The Karla Caves (Maharashtra state, India) were developed between the 2nd century BC to the 5th century AD. The group at Karla is one of the best-known because of the famous “Grand Chaitya” (Cave 8), which is the largest and most completely preserved chaitya hall of the period, as well as containing unusual quantities of fine sculpture. Top left: A diagram showing a section in perspective of the Grand Chaitya of Karla. Top right: The reliefs of the left panel at the entrance of the Grand Chaitya. Bottom left: View of the interior hall of the Grand Chaitya. Bottom middle: The carved left panel of the veranda at the entrance of the Grand Chaitya. Bottom right: View of a column and its richly ornamented capital at the interior hall of the Grand Chaitya. The interior of the Grand Chaitya contains 15 pillars on each side, each one of these pillars has a tall base, an octagonal shaft, and an ornamented capital. The inner side of these capitals (towards the hall) were decorated with the figures of two kneel elephants, each bearing two figures (generally a man and a woman, but sometimes two females) and the exterior side (towards the walls) have figures of horses and tigers, each also bearing a single figure.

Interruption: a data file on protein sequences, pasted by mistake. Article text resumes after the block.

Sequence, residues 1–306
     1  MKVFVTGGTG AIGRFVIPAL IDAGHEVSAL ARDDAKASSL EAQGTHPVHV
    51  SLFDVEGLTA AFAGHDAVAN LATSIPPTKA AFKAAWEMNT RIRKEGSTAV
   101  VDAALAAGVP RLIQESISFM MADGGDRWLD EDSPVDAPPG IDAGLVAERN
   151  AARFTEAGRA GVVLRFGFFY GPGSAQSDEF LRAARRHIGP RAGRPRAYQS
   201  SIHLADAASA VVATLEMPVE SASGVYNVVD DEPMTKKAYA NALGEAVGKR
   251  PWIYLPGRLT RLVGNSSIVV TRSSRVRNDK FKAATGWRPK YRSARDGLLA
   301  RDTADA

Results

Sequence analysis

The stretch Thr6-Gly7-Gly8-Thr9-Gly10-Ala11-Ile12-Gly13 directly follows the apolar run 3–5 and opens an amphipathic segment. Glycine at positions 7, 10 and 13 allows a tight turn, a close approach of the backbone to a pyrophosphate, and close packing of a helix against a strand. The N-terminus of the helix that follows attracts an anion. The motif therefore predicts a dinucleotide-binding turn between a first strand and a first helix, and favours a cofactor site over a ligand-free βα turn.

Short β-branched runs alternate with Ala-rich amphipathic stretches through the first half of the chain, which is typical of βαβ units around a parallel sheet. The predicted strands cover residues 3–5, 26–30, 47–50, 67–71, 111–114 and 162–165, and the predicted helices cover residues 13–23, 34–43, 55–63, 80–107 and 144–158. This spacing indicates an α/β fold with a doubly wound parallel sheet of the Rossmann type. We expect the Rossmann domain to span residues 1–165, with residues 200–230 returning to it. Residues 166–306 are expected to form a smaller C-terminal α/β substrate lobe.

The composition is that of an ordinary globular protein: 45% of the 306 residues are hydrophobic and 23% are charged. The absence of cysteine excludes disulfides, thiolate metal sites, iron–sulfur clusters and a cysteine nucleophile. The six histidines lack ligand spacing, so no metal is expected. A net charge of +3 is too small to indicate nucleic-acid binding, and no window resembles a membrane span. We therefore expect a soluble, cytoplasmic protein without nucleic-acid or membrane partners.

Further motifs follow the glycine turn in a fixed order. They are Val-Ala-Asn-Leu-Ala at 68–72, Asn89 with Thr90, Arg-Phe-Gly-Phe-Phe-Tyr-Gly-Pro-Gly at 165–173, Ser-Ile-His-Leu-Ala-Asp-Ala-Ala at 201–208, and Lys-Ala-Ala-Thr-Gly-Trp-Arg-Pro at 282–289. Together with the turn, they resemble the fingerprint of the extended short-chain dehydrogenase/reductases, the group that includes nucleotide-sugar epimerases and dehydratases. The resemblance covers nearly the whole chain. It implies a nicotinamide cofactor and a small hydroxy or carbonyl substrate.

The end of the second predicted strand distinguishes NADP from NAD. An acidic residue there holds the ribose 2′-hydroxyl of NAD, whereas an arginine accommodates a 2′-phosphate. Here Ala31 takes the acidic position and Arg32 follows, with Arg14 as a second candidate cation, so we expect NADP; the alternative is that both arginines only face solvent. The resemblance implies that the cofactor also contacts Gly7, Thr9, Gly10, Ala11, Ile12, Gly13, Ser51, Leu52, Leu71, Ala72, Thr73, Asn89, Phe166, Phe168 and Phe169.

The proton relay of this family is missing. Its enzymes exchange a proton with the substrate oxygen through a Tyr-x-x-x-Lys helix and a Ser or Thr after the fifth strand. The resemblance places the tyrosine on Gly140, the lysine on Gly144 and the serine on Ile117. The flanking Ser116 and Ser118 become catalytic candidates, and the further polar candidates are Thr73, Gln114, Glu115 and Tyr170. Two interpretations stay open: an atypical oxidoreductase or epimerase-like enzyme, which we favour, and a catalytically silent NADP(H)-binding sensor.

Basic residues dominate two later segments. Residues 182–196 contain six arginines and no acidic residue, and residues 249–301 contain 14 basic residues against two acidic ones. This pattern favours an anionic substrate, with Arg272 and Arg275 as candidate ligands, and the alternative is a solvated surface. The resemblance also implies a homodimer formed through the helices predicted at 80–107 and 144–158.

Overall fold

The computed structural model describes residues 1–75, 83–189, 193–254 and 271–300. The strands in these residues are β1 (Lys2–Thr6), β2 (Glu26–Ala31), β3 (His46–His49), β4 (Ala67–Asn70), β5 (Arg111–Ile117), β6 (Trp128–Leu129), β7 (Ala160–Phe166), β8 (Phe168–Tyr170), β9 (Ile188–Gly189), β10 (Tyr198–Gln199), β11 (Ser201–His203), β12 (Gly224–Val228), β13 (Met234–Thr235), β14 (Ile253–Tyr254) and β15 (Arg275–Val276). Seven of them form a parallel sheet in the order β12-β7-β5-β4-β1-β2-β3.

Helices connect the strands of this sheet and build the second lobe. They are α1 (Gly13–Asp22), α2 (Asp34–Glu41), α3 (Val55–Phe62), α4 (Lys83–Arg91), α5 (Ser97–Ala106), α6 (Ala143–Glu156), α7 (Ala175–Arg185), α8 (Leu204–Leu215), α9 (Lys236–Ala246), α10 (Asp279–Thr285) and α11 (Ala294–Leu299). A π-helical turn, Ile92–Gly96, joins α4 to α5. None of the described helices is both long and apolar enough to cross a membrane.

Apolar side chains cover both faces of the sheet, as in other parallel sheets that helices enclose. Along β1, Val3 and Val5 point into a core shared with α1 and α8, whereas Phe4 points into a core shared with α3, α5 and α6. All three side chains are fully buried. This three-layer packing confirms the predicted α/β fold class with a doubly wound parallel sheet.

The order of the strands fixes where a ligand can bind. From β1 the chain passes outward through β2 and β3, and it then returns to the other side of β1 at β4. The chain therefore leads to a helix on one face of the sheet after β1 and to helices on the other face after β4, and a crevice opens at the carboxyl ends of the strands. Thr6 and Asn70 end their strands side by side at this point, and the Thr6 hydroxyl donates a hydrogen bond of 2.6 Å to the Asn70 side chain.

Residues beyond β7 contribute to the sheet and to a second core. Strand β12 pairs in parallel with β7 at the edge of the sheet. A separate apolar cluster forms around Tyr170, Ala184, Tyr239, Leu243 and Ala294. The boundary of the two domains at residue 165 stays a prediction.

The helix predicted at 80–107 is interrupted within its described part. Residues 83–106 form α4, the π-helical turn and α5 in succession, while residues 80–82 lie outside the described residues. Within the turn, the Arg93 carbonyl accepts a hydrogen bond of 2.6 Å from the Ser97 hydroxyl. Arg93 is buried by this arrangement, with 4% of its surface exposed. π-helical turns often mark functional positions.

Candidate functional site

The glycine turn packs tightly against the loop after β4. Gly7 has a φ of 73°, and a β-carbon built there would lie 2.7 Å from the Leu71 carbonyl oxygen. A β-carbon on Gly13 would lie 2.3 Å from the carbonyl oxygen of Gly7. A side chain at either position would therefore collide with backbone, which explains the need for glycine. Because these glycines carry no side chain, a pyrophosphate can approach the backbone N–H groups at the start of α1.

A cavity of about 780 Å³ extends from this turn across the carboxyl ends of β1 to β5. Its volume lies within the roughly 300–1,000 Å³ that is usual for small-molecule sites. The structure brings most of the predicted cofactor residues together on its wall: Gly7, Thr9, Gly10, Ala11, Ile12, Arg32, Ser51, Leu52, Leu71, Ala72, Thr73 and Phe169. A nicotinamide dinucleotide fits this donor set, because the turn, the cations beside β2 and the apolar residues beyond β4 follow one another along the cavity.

Karla caves. Top left: A panorama of the Grand Chaitya hall. Top right: Elephants carved at the right panel of the veranda. Bottom left: Elephants carved at the left panel of the veranda. Bottom right: A view of a capital from the Grand Chaitya.

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Bodhisattva: In Buddhism, refers to the Sanskrit term for anyone who, motivated by great compassion, has generated Bodhicitta, which is a spontaneous wish and a compassionate mind to attain Buddhahood for the benefit of all sentient beings. Bodhisattvas are a popular subject in Buddhist art.

 

Chaitya: A shrine, sanctuary, temple or prayer hall in Indian religions. The term is most common in Buddhism, where it includes a stupa at one end. Strictly, the chaitya is actually the stupa itself, and the Indian buildings are chaitya halls, but this distinction is often not observed.